Projects

We are currently advertising DTP and CASE studentships for October 2019 start. The deadline for applications is the 26th November 2018.

27 / 09 / 2018

Plant Purple Acid Phytases: From Structure-Function Studies to High Phytase Crops (HEMMINGS_U19DTP)

how to apply

Phytic acid is the major source of inorganic phosphate needed for animal growth found in the grains, oil seeds and beans of common animal feeds. However, monogastric animals cannot digest phytic acid and so feeds are commonly supplemented with engineered phytases. This improves phosphorous bioavailability as well as reducing the negative impact of inorganic phosphorous excretion to the environment. In this project, a new  approach will be explored, that of developing new feed crop lines with high intrinsic phytase activity.

A PhD research studentship is available in the groups of Drs Andrew Hemmings (School of Chemistry) and Charles Brearley (School of Biological Sciences) to study a previously unexploited phytase class. The successful candidate will play a central role in attempts to engineer the catalytic and physiochemical properties of these enzymes for use in the generation of high phytase wheat. To achieve this they will receive training in modern methods of enzyme engineering, molecular and structural biology, analytical biochemistry and computational modelling. The research will make extensive use of local facilities including the Centre for Structural and Molecular Biochemistry (CMSB) and external facilities such as the synchrotron at the Diamond Light Source. Supervision will be provided by Dr Andrew Hemmings (School of Chemistry) and Dr Charles Brearley (School of Biological Sciences).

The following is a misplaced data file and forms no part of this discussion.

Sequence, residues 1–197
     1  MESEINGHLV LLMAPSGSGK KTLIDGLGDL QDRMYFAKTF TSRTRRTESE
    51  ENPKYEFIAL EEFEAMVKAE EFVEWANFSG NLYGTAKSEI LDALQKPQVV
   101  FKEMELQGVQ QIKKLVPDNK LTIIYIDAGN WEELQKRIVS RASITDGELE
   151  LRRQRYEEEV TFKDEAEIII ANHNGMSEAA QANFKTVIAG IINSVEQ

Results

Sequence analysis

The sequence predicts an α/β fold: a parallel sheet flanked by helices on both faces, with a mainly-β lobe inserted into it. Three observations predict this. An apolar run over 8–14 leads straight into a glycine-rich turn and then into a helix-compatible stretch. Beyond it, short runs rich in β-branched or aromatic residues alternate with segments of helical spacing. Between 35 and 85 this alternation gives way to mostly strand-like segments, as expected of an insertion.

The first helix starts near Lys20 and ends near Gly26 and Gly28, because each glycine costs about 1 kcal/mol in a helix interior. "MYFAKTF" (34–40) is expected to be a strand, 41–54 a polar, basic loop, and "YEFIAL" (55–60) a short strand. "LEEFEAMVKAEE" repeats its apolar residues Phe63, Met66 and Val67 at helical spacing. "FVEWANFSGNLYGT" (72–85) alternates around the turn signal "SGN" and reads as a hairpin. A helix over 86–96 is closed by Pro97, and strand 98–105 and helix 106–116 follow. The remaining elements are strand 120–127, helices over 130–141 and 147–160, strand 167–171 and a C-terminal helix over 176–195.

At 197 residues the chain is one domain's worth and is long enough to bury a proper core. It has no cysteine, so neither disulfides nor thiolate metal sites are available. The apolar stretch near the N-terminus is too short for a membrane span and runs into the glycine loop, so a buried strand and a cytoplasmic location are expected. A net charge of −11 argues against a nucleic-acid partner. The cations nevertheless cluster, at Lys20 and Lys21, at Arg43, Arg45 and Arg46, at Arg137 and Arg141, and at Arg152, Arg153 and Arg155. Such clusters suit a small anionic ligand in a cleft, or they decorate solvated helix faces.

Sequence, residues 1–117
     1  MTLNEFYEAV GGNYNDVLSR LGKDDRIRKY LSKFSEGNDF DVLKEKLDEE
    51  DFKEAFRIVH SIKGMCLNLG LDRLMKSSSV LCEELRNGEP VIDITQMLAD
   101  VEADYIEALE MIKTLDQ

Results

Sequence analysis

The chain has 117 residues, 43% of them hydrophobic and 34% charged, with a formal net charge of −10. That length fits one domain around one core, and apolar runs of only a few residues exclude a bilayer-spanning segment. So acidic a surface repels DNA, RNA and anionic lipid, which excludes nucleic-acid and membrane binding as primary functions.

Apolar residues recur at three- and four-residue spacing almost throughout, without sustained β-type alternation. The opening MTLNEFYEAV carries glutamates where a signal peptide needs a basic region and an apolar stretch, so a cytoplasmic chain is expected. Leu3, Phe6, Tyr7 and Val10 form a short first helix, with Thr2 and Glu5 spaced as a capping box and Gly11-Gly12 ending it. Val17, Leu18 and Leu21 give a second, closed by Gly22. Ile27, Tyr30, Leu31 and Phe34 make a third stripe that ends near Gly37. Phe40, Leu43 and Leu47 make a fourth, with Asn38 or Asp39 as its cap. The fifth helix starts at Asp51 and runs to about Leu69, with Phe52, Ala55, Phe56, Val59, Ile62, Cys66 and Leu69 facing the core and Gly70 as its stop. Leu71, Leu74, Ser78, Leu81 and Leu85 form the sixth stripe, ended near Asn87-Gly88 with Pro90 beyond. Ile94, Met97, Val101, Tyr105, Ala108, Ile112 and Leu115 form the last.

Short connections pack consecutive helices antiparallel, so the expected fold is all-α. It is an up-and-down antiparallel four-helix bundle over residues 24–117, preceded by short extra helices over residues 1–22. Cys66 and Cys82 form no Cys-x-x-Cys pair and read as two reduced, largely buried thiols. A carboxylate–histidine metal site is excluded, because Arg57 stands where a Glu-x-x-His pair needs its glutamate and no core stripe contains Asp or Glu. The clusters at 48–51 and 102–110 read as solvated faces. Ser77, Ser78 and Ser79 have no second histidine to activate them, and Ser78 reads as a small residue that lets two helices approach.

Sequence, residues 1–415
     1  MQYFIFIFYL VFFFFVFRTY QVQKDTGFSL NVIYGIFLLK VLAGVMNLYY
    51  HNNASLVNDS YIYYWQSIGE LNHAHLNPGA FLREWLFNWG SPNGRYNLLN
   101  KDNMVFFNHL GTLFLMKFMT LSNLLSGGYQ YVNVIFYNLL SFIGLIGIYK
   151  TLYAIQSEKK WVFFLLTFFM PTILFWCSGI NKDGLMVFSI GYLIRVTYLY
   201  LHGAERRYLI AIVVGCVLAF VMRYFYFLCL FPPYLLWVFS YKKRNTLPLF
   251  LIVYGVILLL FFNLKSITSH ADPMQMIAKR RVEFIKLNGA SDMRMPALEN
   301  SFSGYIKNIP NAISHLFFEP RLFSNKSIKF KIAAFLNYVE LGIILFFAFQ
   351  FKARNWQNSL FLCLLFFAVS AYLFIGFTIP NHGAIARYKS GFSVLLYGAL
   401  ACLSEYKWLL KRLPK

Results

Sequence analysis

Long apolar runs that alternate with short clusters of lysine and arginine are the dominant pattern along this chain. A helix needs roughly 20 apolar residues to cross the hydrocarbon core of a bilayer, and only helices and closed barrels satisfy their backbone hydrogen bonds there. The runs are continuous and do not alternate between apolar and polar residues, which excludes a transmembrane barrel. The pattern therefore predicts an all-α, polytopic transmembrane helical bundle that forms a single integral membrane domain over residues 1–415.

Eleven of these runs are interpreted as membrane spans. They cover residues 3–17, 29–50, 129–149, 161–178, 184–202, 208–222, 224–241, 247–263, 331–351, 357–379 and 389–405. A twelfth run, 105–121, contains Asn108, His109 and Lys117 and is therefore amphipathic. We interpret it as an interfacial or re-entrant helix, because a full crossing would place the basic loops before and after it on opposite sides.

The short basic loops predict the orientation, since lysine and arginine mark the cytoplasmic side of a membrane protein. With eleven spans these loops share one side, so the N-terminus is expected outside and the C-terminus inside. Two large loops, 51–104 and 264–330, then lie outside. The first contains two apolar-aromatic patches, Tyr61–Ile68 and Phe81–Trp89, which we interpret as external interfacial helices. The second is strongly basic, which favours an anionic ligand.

Suitably qualified individuals will have a strong interest in protein chemistry and/or bioanalytical science and will hold, or expect to hold, a first or good upper second class honours undergraduate degree (or equivalent) from any of a range of disciplines including, but not restricted to biochemistry, biological chemistry and biological sciences.